In the announcement, Whittaker clearly states that she is a feminist.  Not only do I trust her as an actor to do justice to the role, but because she is not apologetic or closeted about identifying as a feminist, I can also trust her to protect the role.  She’s not going to let a female Doctor become a stereotype or a caricature.  She’s going to fight to keep the role from falling into cliches and keep the storylines fresh, exciting, and adventurous.  There is always a danger that writers will have (conscious or unconscious) ideas that a female hero just can’t do certain things.  Whittaker will be a significant check on any of those notions.  (Side note: how exciting is it that the folks over at SyFy’s Wynonna Earp are giving us a pregnant superhero?)

A woman Doctor can run up and down corridors, fly the TARDIS, wear fezes, play electric guitar, or absorb the Time Vortex just as much as the next (or should I say, previous) guy.

4. Men get a shero.

The Doctor being a woman is a great opportunity for men to realize that they can respect, admire, and emulate a person or character because of who they are and not just because of how they look.  Sure, many may see this as a challenge, but is moreso a great opportunity for men to expand their minds and learn how to identify with and care about a hero regardless of gender.  It is not a task that they are asked to do often, which is why it is great they are getting this giant platform to practice. They should be seeing this a cool chance to see some more great storytelling in a way that will only enrich a show they love.   If more people learn to see beyond markers of gender to the human (or humanoid) and (s)hero, the world would be a better place.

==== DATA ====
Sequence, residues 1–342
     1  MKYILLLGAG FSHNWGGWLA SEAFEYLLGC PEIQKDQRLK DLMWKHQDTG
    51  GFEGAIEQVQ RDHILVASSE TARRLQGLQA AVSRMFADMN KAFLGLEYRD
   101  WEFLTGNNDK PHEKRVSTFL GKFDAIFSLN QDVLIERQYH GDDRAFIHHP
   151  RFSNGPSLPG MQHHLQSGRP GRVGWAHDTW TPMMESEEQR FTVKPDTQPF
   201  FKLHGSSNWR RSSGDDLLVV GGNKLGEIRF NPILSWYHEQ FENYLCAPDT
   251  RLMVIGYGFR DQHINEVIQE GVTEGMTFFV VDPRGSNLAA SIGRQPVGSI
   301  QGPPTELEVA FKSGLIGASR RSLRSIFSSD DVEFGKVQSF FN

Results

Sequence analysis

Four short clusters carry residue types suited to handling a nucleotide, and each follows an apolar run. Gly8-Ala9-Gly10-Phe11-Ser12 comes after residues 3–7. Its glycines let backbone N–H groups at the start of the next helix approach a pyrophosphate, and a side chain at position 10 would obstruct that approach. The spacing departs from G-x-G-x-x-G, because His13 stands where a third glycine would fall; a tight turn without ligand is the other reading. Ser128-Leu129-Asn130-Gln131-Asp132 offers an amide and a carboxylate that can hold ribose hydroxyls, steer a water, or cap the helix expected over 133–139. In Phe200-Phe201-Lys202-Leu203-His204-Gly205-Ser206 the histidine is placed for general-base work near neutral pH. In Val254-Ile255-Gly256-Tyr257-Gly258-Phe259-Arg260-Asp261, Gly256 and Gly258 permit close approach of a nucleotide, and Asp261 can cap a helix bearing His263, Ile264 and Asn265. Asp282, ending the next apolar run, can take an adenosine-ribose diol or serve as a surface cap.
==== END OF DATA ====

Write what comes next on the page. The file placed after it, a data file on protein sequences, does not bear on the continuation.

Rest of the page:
5. Rebooting the Norm

Increased representation in media, having people of different genders, ages, races, sexualities in lead roles and roles of leadership, helps reset what the world accepts as normal.  It tells an audience that a person’s merit and ability to be admired, respected, loved, or emulated need not be based solely on a physical attribute or just because ‘they are like me’— especially with big name, international franchises like Doctor Who.  Rachel Dunne writing for the Mary Sue argues that science fiction is the perfect (and obvious) place to begin envisioning what societies that aren’t based on hierarchies of gender can look like (emphasis mine):

There’s one thing all three of those books have in common: there’s no gender-based societal rule. No patriarchy, no matriarchy. People succeed or fail based on their own achievements. Characters are compelling because of their personalities and the situations they face. The trials they overcome have nothing at all to do with women triumphing where only men have triumphed before.

You need to understand how rare and precious a thing this is. In these books, gender doesn’t matter. Gender exists, but it’s not a quality by which it’s worth judging another person. In a world where we’re fighting for equality, you’d think this would be a common thing—especially in science fiction and fantasy, where we can imagine any world, reinvent the past and create a better future. You’d think that, more often, we’d see books with this one perfect little piece of equality.

The boat may have already sailed for some of us, but there are generations of media consumers and scifi fans that are going to grow up accepting that you can have Wonder Woman and Ms. Marvel and Batman and Superman .  The Force can be strong with Luke or Rey.  The Doctor can be a man or a woman.